“There is a point beyond which training and practice cannot take you. Neami, the superlative fourteenth century Noh drama playwright and director who was also a Zen priest, spoke of this moment as “surprise”. This is the surprise of discovering oneself needing no self, one with the work, moving in disciplined ease and grace…At this point one can be free, with the workand from the work.” Gary Snyder, in On The Path, Off The Trail
This moment of surprise and freedom is what I see in the blurry 8mm images of Who Killed Fourth Ward? James Blue is too wily and astute an artist to be confined to his own mission statement, or to his own onscreen persona. He is exercising more power than he is letting on. He was choosing to be non-authoritative and low budget for the same reasons as Bill Viola chooses to use slow motion, and Nam June Paik chooses to use more than one television. It was perfect for what he wanted to do.
James Blue appears to be interrogating Houston’s power structure, but what he is really doing is interrogating our understanding of cinema. He is critiquing the perception that movies are all about the director, and instead is reframing them as the glue which binds together the audience. Why are you sitting on your butt out there in the dark?, he says. You could do this. I could be you. I am you. He is using his access to power, the whole structure of grant supported filmmaking, the authority of his achievements, the entry his white skin and professional identity confer upon him, to critique his access to power. He departed Hollywood, and is returning to the tribe with a gift, but part of his gift to the tribe is to refuse to be locked into what the tribe thinks he should be doing.
I doubt the true purpose of the world’s first three hour television documentary shot on 8mm film is to answer the question it purportedly raises. It’s more: how do I do this? How do I use what I know about filmmaking to engage this community in dialogue and self awareness?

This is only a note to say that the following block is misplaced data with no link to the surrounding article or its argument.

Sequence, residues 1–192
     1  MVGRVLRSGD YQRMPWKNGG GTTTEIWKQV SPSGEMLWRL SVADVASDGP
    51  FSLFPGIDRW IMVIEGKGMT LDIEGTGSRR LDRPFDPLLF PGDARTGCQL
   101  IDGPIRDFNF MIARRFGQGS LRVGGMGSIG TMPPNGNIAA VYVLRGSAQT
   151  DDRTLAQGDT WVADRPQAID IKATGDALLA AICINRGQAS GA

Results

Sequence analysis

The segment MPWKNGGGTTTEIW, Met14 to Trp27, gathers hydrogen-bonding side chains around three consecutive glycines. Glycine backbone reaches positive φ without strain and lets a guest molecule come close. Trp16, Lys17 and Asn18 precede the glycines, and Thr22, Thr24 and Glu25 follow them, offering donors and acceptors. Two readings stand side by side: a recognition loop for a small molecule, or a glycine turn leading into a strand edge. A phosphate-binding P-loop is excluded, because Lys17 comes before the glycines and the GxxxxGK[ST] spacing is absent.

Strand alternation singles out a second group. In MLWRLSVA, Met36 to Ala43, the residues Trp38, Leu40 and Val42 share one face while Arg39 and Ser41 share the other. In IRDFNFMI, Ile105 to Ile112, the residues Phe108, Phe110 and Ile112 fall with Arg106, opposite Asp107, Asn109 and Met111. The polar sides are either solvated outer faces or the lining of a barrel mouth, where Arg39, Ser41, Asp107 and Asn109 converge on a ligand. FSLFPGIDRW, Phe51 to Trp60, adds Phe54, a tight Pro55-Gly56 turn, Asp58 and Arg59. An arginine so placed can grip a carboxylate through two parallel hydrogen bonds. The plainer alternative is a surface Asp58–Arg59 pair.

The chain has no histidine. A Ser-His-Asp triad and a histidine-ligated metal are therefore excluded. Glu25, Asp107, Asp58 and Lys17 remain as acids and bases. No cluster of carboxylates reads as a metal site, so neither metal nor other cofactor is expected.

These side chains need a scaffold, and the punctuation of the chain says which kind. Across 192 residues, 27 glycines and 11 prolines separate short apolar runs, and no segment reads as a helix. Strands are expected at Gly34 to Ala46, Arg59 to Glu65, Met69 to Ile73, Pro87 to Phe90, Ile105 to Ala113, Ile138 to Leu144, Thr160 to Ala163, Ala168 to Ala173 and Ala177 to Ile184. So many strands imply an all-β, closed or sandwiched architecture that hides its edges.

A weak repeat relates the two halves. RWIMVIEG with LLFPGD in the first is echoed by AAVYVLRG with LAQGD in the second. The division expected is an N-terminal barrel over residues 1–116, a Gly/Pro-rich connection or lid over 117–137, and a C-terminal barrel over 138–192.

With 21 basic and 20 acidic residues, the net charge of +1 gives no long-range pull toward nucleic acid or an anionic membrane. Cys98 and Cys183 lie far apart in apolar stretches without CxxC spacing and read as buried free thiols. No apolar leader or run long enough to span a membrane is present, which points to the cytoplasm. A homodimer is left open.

In his next film, The Invisible City, James Blue reassumes directorial authority. He begins relying on video, and takes a more purposeful direction. But Who Killed Fourth Ward?, made in 1977, the same year he founded the Southwest Alternate Media Project, is an authentically open ended exploration of the potential of regional filmmaking.
Brian Huberman and Ed Hugetz, the crew members who joined James Blue on his journey into the Fourth Ward, introduced the screening in Eugene via Skype. They were sitting in Huberman’s office at the Rice University, where Huberman is associate professor of film in the Visual and Dramatic Arts department. Both Brian Huberman, and Ed Hugetz, who is now the Associate Vice President for Planning for the University of Houston, have had long and active careers as regional filmmakers.
Coming up next:
The next film in the James Blue Tribute retrospective will be screened on April 23, 2014, at the Schnitzer Museum of Art in Eugene. David MacDougall, who partnered with James Blue to direct Kenya Boran (1974), will be present to introduce that film. Admission is free! 7:00 PM.
Notes On James Blue is a blog kept by Anne Richardson, of Oregon Movies, A to Z, to cover the 2014 James Blue Tribute. The six month long Tribute celebrates the bequest of James Blue’s films to the University of Oregon by The James and Richard Blue Foundation, a 501 c3 non profit organization dedicated to preserving the legacy of filmmaker and film educator James Blue.
Notes On James Blue is supported by The James and Richard Blue Foundation. All thoughts, opinions and errors, however, belong to Anne Richardson, and do not necessarily reflect those of the Foundation.